Upstate NY Has the Cleanest Electricity in the US, Long Island Among the Dirtiest – The USEPA has released 2019 data showing upstate New York has by far the cleanest supply of electricity of any eGRID subregion in the country. Upstate electricity suppliers emitted 233 pounds of CO2e per MWh of power produced, slightly more than half of the California region’s (CAMX) 2nd place rate, and slightly more than a quarter of the national average of 889 lbs./MWh. New York City/Westchester ranked 5th cleanest of the 27 eGRID subregions at 555 lbs per MWh. In contrast, Long Island ranks the 7th dirtiest at 1,219 lbs. per MWh. The eGRID data reinforces the importance New York’s wind projects being developed off the shores of Long Island. As a state, New York ranks 6th cleanest, just ahead of California. Vermont is cleanest, followed by Idaho and Maine. Wyoming, which borders Idaho, is dirtiest, just below West Virginia and Kentucky. Thanks to NY-GEO member Bob Wyman for this tip.

Building Decarbonization Coalition is Expanding to New York – From the organization’s website: “Creating safe, healthy & affordable communities through all-electric, clean energy homes & buildings…The Building Decarbonization Coalition unites building industry stakeholders with energy providers, environmental organizations and local governments to power California’s homes and workspaces with clean energy.” BDC is looking to hire a New York Director. See Job listings in blue below or near the bottom of this webpage.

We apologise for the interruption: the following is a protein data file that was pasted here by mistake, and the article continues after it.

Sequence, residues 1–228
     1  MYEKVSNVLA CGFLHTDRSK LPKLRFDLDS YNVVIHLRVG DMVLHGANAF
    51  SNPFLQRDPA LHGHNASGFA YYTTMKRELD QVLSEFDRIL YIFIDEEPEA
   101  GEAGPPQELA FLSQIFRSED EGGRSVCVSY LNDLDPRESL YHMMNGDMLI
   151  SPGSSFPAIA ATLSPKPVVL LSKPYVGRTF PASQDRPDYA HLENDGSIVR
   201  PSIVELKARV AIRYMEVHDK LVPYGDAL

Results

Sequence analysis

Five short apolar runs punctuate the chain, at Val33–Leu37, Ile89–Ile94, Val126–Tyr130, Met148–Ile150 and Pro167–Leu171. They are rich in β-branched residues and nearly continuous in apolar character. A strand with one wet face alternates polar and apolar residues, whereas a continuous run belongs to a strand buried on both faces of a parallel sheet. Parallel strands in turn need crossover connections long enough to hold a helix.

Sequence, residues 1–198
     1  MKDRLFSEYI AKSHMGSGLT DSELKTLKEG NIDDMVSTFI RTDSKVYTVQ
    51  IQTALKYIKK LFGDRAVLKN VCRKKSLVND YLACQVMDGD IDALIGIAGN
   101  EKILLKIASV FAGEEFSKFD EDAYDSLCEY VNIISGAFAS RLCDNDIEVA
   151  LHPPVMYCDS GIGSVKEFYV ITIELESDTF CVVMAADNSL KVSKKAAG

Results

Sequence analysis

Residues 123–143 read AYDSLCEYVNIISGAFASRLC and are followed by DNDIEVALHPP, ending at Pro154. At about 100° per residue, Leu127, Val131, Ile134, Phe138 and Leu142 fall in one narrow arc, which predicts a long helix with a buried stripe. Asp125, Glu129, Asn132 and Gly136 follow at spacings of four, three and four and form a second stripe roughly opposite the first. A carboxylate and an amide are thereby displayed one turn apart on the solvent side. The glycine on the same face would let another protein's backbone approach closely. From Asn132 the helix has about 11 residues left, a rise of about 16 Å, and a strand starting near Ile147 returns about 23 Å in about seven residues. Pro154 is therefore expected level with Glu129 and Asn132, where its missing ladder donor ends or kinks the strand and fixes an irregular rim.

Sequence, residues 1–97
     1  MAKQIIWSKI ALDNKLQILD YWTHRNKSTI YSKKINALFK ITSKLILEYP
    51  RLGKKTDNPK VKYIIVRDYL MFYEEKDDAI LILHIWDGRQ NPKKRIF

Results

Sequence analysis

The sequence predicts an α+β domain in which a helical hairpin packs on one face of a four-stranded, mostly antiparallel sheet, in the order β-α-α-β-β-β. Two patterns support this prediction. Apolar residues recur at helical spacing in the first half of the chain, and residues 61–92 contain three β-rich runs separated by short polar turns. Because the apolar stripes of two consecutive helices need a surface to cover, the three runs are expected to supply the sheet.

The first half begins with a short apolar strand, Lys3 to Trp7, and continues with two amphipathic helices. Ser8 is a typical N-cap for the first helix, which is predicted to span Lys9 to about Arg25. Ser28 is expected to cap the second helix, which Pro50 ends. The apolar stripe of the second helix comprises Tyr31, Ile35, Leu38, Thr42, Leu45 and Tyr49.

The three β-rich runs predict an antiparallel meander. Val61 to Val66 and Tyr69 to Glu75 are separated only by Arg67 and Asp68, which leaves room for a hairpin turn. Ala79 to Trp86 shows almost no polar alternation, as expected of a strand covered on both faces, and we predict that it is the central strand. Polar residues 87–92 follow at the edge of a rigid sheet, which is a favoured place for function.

Flagstaff, AZ – Gas Utilities Fight To Stay In Business – NPR – Facing the rising threat of wildfire and extreme drought, Flagstaff, Ariz., unveiled an ambitious effort two years ago to cut the heat-trapping emissions that drive climate change. A critical part of Flagstaff’s climate plan proposed that all new construction get to net-zero greenhouse gas emissions by 2040 and that the city promote “aggressive building electrification” to decrease reliance on fossil fuels. As in many places, buildings are a big source of Flagstaff’s greenhouse gases, mainly because many are heated by burning natural gas.
But in February 2020, the Arizona Legislature blocked much of Flagstaff’s plan for its buildings. With the backing of the state’s main gas utility, the Legislature passed a bill that prevents municipalities and counties from banning new gas infrastructure and hookups. The Arizona law was a test case for a strategy the natural gas sector is now deploying nationwide. Gas utilities, with help from industry trade groups, have successfully lobbied lawmakers over the past year to introduce similar “preemption” legislation in 12 mostly Republican-controlled state legislatures, according to the Natural Resources Defense Council (NRDC). NPR article here. Thanks to NY-GEO member Joanne Coons for this tip.
Induction Cooking – As we electrify heating systems with geothermal heat pumps, it’s helpful to know about other electrification measures that can help wean us from fossil fuel use. The Kitchen Electrification Group has put together some great resources on cooking without fossil fuels by using induction ranges and cooktops. Several California cities and towns have induction equipment loan programs to help consumers get familiar with induction cooking appliances, which are very efficient and precise (forget what you know about typical electric ranges, whose heat can be hard to adjust). There are published survey results here, which include the chart below. Thanks to NY-GEO member Irene Weiser for this tip.